London: The essence of Lionel Messi is not in the bare statistics that now makes him the most prolific scorer of goals in a single year in the history of the game.
It is in the way that he does it. It is the desire of the man who, at age 25 and possibly just reaching the middle of his career, makes every game seem like such a joy, for himself and others. There is a child in Messi that will not grow up, thank goodness.
He was injured last Wednesday. His left knee took the weight of Benfica’s goalkeeper, Artur, in a challenge. As Messi was carted away by the medics, the distress of missing perhaps several months was writ large across his face. When tests proved nothing was broken, merely extensively bruised, Messi did as Messi invariably does. He demonstrated that impulse, that absolute determination, to play the next game.
“He doesn’t need this kind of effort to show how much he loves this sport,” Barcelona coach Tito Vilanova tried to tell us, and to tell him.
Messi wasn’t listening. He was focused on the flight to Seville and on showing his coach Saturday that he was good and ready to play against Betis.
This is a tough opponent. Physically and spiritually, Betis is a team that even Barca finds hard to beat, especially in its tightly packed, emotionally charged Ramon Sanchez Pizjuan Stadium.
Messi, with another pair of goals Sunday, made sure that Barcelona won the game, 2-1.
And the second took Messi past the all-time record of 85 goals scored in one calendar year, set by the German Gerd Mueller in 1972. Pele’s record of 75 goals, set in 1958, was already out of the equation.
It was now just Der Bomber, as we will forever remember Mueller, and La Pulga, The Flea, as Messi’s countrymen in Argentina refer to him.
If comparisons across different eras mean anything, we made them long ago. If proof were needed that soccer is a team game, the way that Andres Iniesta and Alexis Sanchez passed and moved for Messi reiterated that.
One thing largely overlooked as people obsess about the statistics of Messi’s feat is that he is the very opposite of a one-man attack. He plays for others, and he exudes joy in setting up goals for his teammates. Attempts to count assists are irrelevant because his presence alone — wherever he is on the field, defenders will follow him — opens space for others.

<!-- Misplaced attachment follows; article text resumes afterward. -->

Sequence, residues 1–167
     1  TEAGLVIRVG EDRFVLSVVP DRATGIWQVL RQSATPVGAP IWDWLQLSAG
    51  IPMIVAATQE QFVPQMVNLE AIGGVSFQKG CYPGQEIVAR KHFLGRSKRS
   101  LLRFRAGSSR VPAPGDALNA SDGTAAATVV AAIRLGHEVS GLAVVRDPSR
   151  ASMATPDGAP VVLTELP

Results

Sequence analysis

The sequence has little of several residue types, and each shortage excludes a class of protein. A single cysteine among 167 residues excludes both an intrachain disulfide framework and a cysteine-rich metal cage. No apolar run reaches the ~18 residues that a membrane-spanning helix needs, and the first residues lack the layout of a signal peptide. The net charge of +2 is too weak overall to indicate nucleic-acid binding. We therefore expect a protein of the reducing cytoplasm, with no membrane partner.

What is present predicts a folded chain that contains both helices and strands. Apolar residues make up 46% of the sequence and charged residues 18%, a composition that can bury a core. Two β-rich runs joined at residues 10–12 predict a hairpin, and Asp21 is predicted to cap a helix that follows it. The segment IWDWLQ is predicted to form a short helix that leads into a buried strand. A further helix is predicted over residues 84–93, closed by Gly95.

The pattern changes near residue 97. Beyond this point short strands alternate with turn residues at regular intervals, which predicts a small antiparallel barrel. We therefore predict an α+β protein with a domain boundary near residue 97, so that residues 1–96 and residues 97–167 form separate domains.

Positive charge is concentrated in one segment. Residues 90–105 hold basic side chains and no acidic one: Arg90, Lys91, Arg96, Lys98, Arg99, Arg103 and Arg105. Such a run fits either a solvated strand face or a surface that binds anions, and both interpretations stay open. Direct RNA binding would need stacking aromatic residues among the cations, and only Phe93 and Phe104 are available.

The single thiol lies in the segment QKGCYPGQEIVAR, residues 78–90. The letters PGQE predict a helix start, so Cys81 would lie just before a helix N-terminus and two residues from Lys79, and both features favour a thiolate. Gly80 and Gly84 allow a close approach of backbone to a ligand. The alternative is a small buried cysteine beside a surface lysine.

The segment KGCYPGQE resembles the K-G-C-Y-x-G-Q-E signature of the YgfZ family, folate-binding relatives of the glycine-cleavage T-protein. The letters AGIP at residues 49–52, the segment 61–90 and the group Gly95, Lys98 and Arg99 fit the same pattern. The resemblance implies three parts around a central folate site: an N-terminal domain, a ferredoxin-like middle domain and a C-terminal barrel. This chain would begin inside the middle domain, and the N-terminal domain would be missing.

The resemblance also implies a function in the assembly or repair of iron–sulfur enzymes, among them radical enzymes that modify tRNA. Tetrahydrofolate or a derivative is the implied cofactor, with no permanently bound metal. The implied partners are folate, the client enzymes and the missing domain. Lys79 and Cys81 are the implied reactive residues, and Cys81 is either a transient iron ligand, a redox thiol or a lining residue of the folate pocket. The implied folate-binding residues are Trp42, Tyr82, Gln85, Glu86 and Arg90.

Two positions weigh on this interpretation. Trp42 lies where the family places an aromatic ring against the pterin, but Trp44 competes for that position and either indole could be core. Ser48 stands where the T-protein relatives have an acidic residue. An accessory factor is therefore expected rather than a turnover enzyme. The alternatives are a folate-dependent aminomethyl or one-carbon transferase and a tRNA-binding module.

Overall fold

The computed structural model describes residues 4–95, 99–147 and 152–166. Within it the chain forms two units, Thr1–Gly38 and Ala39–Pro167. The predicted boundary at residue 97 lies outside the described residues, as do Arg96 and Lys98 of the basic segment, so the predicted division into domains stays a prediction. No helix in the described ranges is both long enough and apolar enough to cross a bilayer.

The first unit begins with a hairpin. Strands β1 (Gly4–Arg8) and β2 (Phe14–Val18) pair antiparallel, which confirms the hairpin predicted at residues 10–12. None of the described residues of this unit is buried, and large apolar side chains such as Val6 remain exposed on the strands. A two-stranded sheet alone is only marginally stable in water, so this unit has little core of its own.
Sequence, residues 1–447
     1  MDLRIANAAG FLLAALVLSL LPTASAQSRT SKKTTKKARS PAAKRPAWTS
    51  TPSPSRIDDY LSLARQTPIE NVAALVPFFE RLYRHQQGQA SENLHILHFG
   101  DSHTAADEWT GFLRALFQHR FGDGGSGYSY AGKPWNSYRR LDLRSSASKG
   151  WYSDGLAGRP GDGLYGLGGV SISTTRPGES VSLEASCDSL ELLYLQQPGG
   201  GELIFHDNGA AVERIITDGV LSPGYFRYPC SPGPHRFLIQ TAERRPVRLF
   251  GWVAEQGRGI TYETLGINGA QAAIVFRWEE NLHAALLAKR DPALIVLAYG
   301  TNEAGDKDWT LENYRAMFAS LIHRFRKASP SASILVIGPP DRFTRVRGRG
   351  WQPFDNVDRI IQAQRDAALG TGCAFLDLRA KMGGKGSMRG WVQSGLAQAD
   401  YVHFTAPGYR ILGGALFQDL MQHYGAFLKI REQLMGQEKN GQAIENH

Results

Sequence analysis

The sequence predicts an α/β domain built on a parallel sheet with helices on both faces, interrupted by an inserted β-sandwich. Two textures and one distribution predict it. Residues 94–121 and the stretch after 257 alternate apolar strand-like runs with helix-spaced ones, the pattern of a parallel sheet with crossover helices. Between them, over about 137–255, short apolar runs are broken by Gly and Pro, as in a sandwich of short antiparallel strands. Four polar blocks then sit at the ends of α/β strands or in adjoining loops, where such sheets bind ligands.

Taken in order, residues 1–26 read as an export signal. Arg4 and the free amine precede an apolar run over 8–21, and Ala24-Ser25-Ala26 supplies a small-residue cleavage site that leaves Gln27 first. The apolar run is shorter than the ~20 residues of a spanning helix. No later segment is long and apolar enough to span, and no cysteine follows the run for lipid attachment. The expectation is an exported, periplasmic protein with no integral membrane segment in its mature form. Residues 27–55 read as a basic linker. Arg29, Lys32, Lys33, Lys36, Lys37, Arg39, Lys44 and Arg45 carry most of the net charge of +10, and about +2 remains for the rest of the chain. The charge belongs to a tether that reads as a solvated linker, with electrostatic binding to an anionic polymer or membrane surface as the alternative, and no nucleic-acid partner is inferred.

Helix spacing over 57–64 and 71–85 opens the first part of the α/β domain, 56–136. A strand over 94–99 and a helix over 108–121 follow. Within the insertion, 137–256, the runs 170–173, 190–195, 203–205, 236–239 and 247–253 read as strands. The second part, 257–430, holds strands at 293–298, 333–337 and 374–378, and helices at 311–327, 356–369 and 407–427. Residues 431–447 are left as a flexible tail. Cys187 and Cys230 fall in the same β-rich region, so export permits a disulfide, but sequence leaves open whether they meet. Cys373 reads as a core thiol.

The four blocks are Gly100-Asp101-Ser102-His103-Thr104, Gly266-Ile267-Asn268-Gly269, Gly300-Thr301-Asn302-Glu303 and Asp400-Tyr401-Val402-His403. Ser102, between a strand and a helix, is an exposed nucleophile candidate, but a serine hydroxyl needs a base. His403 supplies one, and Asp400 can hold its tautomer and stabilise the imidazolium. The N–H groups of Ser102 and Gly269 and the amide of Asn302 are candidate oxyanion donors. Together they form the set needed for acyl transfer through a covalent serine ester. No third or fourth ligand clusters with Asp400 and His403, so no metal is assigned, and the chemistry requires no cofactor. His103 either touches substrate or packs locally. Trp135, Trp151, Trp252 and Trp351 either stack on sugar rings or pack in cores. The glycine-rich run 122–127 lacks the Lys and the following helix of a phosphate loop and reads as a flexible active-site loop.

In the aftermath Sunday, Messi tried genuinely to pass some of the praise coming his way to Iniesta. “If the Ballon d’Or is for Andres,” said the Argentine, seeking to deflect journalists’ questions about the player of the year award, “he deserves it for everything he shows us game after game.” Nice try, buddy. But we know what Iniesta is, and we know that if this was a lifetime award for Spain, Iniesta might edge out Xavi Hernandez for that honour.
Apart from his skills and aside from his records and achievements, it always comes down to the thrill of watching Messi in action.
His first son, Thiago, was born last month. Other than getting a haircut, Messi has barely changed or missed a beat since then, and he still has that childlike wonder to him.
We did wonder whether other dimensions to his life might dull the singularity with which he adorns the game — on the field, he is more like a butterfly than a flea. Neither the new love of a son, nor the pain of an injury, seemed to distract him.
That is another aspect to these great goal scorers in their prime. They become such obvious targets for opponents, yet Pele and Mueller escaped serious harm in their careers, as has Messi — so far. God willing, that will continue through the second half of Messi’s merrymaking career.